Westminster planners fault Middlebrooke housing plans CENTRAL -- Union Mills * Westminster * Sandymount * Finksburg

March 15, 1993|By Donna E. Boller | Donna E. Boller,Staff Writer

George F. and Timothy Grogan's plan to turn the closed Middlebrooke Swim Club into four single-family houses will go to the Westminster City Council with an unfavorable recommendation from the city planning commission.

The commission voted Thursday night -- before an audience of about 20 Middlebrooke residents -- to recommend council denial of the proposal.

Final arguments from George Grogan and his son Timothy failed to persuade commission members to endorse a change in the land use that would allow the pool area to be converted for houses.

"I feel that the commission has a responsibility to the citizens of Westminster and especially Middlebrooke," said commission member Margaret "Peggy" Bair. "They were all led to believe that that was going to be open space."

The amount of open space that would remain if the pool property was converted for housing was a key question at a Feb. 11 public hearing before the planning commission.

Middlebrooke was developed as a planned unit development, a planning concept that allows higher housing density if 25 percent of the land is set aside as open space.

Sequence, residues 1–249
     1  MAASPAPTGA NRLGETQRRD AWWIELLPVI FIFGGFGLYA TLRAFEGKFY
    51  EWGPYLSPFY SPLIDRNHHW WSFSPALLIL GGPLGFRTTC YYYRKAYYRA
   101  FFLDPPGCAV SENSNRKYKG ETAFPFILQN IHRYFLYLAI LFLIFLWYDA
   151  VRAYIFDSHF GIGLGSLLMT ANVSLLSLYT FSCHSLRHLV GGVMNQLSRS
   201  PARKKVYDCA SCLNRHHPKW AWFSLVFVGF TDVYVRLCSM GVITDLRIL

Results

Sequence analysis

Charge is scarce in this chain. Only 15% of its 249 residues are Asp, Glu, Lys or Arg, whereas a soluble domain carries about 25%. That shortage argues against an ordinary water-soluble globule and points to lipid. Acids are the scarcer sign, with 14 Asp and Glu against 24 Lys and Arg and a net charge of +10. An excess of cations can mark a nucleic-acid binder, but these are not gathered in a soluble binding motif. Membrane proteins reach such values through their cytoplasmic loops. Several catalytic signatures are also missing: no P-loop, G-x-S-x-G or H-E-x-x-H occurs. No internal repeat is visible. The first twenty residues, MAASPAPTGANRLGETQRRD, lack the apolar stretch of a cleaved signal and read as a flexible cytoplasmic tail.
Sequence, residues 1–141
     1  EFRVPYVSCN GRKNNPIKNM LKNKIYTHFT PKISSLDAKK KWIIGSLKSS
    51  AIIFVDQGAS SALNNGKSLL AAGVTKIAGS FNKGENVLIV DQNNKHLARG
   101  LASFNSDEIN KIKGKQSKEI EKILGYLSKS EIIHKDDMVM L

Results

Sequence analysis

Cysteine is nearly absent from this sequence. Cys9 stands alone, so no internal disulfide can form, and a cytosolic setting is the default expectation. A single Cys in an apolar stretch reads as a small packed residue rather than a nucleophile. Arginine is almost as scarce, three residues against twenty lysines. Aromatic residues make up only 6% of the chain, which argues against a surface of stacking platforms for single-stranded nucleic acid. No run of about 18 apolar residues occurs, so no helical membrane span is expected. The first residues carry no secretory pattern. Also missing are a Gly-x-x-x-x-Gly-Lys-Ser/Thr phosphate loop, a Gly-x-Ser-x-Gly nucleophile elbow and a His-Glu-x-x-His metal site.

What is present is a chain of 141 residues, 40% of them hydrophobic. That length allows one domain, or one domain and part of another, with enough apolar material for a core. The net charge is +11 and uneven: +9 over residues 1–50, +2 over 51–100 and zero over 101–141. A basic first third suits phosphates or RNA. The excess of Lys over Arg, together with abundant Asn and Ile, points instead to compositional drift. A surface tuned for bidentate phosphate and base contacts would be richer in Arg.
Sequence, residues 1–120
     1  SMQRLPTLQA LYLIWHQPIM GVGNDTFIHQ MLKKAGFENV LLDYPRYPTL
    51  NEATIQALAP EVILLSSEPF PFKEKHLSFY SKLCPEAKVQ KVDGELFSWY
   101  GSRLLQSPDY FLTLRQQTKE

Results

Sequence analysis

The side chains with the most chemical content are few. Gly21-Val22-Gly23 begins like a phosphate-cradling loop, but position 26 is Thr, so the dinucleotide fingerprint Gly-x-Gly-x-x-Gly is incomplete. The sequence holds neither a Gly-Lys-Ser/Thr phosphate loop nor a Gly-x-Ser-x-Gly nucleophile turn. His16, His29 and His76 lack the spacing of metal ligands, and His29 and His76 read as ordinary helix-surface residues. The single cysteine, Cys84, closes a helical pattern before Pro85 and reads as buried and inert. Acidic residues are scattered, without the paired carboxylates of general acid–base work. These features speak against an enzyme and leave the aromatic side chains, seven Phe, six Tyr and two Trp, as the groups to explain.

George Grogan argued that the pool was never considered in the open space percentage.

He pointed to a plat in city files that was annotated, "open space plan -- pool area excluded."

The commission asked for an assessment of open space acreage after the February hearing.

Thomas B. Beyard, city planning and public works director, reported Thursday night that Carroll Land Services, retained to calculate the percentages, found that the original subdivision was on 68 acres.

That meant 17 acres were to be open space.

Carroll Land Services surveyors found that Middlebrooke now has 16.9 acres of open space, including the 1.24-acre pool site.

Commission member Larry Wiskeman, a Middlebrooke resident, did not vote.

The planning commission's formal recommendation must go to the council within 45 days after the Feb. 11 hearing date.

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